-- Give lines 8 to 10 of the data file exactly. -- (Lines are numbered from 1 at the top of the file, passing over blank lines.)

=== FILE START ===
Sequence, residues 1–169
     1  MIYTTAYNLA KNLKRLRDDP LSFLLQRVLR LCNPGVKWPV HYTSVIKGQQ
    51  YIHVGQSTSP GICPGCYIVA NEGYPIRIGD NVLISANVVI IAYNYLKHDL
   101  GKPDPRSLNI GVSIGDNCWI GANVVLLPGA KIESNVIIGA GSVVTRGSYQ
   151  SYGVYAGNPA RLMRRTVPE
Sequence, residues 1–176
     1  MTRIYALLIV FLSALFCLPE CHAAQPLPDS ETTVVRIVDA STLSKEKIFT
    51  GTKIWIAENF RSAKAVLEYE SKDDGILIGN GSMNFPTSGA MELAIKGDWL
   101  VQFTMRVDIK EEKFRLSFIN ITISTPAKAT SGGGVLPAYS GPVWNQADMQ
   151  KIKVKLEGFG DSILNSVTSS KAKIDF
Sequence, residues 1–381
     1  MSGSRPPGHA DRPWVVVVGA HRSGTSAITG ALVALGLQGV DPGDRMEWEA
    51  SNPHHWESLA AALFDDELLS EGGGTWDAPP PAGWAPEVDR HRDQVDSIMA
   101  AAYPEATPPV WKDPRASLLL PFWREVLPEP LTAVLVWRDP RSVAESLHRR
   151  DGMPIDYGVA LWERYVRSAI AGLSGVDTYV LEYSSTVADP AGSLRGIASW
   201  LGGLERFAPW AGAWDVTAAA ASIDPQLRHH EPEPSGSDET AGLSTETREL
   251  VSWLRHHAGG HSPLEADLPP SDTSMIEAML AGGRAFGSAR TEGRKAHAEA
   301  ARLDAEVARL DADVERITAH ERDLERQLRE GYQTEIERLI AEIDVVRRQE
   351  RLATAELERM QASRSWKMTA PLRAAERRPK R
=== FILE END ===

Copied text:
    51  GTKIWIAENF RSAKAVLEYE SKDDGILIGN GSMNFPTSGA MELAIKGDWL
   101  VQFTMRVDIK EEKFRLSFIN ITISTPAKAT SGGGVLPAYS GPVWNQADMQ
   151  KIKVKLEGFG DSILNSVTSS KAKIDF